Ginger is identified by the large exclamation point-shaped scar near her left shoulder
Ginger was first photo-documented by a citizen in Marco Island, who provided the photos to the Florida Fish and Wildlife Conservation Commission (FWC) in August 1994. The resident, who became a volunteer for FWC, recognized Ginger by the large exclamation point-shaped scar near her left shoulder. He kept a personal catalog of the manatees he saw and turned over notes and photos to the FWC for inclusion in the photo identification program. Due to his efforts, researchers were able to document and track numerous previously unknown manatees.
In addition to the photo identification program, Ginger’s movements have also been documented using a satellite tag as part of a southwest Florida tracking program. Through the photo-identification and tagging projects, researchers have learned that she has given birth to multiple calves. She was seen with a medium-sized calf during the winter of 2010. One calf, also captured during the tagging project, was appropriately named Ale! Researchers know that Ginger spends much of her summer months in the waters of the Marco Island canal and mangrove systems. In the winter, she often joins hundreds of other manatees that swim up the Caloosahatchee River to the warm waters found at Florida Power and Light’s Tice power plant in Ft. Myers. She was also seen in Manatee Park in Lee County in early 2015.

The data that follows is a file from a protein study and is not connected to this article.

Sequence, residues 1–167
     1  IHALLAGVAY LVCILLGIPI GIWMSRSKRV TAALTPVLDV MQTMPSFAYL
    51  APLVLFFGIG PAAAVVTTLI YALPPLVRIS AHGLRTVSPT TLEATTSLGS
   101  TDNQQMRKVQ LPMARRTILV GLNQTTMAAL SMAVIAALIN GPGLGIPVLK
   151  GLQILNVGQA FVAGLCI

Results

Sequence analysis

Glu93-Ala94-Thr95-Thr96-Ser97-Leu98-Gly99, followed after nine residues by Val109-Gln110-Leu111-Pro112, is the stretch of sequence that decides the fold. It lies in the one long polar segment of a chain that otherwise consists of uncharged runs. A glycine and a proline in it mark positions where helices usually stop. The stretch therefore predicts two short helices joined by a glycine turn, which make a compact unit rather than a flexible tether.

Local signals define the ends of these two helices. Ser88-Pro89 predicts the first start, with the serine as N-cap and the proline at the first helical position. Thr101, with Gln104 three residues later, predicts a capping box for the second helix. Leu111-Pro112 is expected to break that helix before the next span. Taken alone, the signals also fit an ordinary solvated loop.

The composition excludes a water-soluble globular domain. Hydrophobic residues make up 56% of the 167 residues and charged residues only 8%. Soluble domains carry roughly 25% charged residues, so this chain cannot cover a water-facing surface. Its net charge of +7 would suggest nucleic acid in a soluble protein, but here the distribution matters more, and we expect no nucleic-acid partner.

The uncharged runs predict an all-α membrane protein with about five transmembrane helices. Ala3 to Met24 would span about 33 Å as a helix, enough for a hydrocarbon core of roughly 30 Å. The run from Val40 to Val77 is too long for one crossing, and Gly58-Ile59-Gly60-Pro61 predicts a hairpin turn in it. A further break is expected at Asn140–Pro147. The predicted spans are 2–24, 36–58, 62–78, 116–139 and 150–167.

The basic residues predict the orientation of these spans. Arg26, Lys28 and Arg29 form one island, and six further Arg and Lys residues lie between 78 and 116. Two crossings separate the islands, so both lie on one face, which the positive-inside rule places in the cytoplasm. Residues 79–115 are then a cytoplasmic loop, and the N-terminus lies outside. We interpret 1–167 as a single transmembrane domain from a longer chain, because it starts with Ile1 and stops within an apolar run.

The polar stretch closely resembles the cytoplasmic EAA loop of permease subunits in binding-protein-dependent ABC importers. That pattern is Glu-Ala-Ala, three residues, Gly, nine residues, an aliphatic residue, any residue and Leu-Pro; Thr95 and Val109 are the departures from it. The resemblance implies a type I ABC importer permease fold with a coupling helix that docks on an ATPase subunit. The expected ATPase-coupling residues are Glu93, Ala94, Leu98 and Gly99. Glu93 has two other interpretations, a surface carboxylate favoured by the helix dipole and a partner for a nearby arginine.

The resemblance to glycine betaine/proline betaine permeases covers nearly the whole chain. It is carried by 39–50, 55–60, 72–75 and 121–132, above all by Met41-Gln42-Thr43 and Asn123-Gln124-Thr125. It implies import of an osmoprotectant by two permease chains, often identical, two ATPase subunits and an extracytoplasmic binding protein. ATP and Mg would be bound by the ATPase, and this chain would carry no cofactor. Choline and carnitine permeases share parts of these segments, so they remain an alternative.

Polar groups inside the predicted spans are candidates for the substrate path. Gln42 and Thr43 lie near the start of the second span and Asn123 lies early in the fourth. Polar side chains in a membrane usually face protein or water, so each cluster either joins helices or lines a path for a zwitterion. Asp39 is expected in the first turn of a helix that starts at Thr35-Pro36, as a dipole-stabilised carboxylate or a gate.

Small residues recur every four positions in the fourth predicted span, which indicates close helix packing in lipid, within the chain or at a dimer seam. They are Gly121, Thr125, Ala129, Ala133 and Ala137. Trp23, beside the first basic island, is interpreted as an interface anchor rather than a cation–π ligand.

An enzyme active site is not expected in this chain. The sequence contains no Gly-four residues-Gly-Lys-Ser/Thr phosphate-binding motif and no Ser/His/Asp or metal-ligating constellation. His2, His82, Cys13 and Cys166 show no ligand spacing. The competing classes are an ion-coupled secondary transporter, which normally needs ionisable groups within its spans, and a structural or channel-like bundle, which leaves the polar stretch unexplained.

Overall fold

Save the Manatee Club helps support the rescue and research programs that help manatees like Ginger, and is a founding member of the Manatee Rescue & Rehabilitation Partnership. In addition, SMC works diligently to protect manatee winter habitat. At the TECO Manatee Viewing Center, visitors can tour the education center, walk the mangrove trail, or watch for manatees on the viewing platform. Stop by on a chilly winter day—you may see Ginger and a few of our other adoptees! Visit our Manatee Viewing page for more information.